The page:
6. For rate dependent methods, injection through a fracture or a horizontal well can be considered as a means to overcome low injection rate restrictions.

  7. In the case of brine chemistry limitations, a pre flush might be considered as a remedy.

  8. Evidently there is no remedy for temperature limitations, therefore reservoir temperature is a controlling factor for choosing the right method to reduce permeability in some reservoirs.

  9. It is recommended that to select a permeability reduction method, temperature limitations should be considered first and then the other controlling factors. Also the method should exhibit technical and economical feasibility for the reservoir in question.

This paper was selected for presentation by an SPE Program Committee following review of information contained in an abstract submitted by the author(s). Contents of the paper, as presented, have not been reviewed by the Society of Petroleum Engineers and are subject to correction by the author(s). The material, as presented, does not necessarily reflect any position of the Society of Petroleum Engineers, its officers, or members. Papers presented at SPE meetings are subject to publication review by Editorial Committees of the Society of Petroleum Engineers. Permission to copy is restricted to an abstract of not more than 300 words. Illustrations may not be copied. The abstract should contain conspicuous acknowledgment of where and by whom the paper is presented. Write Librarian, SPE, P.O. Box 833836, Richardson, TX 75083-3836, U.S.A. Telex, 163245 SPEUT.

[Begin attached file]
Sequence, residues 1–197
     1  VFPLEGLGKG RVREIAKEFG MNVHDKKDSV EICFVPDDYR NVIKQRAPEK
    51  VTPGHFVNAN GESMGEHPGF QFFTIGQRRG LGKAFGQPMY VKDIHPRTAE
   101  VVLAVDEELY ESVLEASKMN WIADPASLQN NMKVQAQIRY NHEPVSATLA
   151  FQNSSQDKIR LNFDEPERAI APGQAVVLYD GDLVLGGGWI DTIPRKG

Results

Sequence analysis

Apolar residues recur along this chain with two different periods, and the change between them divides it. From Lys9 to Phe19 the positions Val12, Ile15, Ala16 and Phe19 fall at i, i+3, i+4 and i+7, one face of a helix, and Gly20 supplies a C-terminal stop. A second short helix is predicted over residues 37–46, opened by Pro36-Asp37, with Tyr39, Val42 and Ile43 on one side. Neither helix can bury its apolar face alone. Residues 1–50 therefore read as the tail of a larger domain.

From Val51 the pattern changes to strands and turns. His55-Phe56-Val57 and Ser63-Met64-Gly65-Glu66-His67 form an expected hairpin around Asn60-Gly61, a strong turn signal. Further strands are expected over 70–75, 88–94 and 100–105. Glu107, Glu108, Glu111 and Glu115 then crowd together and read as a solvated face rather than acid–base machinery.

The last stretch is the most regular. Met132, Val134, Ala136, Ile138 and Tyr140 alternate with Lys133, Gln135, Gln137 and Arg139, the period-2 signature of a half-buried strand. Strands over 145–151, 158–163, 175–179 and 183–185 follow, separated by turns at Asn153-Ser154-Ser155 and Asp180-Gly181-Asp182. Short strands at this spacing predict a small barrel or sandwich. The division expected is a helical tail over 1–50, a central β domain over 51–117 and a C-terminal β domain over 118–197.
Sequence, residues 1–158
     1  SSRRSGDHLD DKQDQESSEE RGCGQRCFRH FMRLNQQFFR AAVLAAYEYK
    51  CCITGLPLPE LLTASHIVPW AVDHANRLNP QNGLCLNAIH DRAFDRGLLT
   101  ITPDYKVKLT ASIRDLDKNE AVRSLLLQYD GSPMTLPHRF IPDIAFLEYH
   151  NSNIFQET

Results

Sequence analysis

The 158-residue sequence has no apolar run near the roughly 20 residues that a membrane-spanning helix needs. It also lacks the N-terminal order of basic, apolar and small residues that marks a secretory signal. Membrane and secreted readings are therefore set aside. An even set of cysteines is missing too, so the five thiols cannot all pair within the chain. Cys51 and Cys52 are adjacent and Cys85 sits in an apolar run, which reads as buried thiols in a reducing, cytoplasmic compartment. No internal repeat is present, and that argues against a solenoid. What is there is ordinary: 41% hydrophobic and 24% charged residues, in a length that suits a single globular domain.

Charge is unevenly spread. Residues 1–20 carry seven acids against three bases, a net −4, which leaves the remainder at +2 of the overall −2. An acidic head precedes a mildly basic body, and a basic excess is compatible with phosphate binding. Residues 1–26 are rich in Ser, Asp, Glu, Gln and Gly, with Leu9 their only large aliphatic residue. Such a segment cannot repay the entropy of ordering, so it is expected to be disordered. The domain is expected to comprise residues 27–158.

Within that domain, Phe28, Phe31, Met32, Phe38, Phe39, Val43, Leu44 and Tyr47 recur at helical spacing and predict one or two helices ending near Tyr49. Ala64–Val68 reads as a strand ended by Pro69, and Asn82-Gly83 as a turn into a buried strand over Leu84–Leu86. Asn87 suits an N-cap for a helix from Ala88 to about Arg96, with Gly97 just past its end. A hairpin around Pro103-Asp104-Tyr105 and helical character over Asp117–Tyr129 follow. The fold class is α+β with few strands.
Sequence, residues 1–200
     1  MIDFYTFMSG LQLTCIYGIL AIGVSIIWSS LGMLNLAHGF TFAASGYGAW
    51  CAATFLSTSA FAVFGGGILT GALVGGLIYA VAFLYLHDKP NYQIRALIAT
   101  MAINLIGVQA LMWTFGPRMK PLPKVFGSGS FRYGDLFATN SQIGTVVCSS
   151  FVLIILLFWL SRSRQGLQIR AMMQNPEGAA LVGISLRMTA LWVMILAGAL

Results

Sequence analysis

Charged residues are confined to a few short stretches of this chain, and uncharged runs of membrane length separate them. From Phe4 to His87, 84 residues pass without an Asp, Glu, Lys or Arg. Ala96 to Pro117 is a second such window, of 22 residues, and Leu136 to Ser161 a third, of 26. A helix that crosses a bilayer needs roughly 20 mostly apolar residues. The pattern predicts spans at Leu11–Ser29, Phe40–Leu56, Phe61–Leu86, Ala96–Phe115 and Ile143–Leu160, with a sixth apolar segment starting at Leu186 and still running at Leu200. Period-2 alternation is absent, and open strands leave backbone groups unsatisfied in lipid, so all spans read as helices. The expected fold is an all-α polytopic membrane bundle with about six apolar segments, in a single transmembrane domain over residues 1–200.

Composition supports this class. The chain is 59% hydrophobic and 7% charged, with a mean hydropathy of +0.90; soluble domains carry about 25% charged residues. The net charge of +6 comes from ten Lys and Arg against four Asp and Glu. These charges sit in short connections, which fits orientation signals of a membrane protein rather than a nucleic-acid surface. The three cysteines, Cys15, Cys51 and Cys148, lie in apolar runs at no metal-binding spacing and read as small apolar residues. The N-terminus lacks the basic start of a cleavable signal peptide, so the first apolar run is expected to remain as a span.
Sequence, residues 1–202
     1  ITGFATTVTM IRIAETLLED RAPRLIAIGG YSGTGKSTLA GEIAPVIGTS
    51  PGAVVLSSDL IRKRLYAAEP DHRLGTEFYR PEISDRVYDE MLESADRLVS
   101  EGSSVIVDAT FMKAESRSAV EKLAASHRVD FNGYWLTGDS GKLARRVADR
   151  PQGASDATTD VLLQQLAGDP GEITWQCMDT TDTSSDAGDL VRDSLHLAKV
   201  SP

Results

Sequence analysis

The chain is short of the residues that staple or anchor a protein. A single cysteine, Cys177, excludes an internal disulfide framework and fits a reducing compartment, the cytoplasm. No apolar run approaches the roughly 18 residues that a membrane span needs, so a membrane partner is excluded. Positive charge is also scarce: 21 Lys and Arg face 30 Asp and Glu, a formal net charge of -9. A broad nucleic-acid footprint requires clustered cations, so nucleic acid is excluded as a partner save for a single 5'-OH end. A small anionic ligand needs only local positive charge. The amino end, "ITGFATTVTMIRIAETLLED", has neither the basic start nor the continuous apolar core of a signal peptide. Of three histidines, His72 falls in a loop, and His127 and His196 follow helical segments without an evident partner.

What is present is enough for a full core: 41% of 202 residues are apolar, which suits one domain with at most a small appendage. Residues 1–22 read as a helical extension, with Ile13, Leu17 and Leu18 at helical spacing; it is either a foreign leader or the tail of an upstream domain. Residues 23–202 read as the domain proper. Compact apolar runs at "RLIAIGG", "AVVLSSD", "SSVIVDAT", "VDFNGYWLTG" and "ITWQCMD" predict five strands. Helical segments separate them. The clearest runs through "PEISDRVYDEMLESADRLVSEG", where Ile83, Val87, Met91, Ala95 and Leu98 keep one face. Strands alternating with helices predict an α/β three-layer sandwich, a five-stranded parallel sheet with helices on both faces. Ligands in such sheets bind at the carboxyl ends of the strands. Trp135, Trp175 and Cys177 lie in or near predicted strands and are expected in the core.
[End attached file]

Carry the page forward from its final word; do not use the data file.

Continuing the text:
The authors wish to thank the Gas Research Institute and the Petroleum Department at the Colorado School of Mines for financing and supporting this study.

Vassilellis
G.D.
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Permeability Modification and Measurement in Water-Bearing Formations
"
M.S. Dissertation
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T-4444, Colorado School of Mines
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Golden, Colorado
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1993
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Vassilellis
,
G.D.
and
Graves
,
R.M.
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Point Permeability Measurements Using a Liquid Minipermeameter to study formation Damage Mechanisms.
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SPE 23785, presented at SPE International Symposium on Formation Damage Control
,
Laffayette, LA
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1992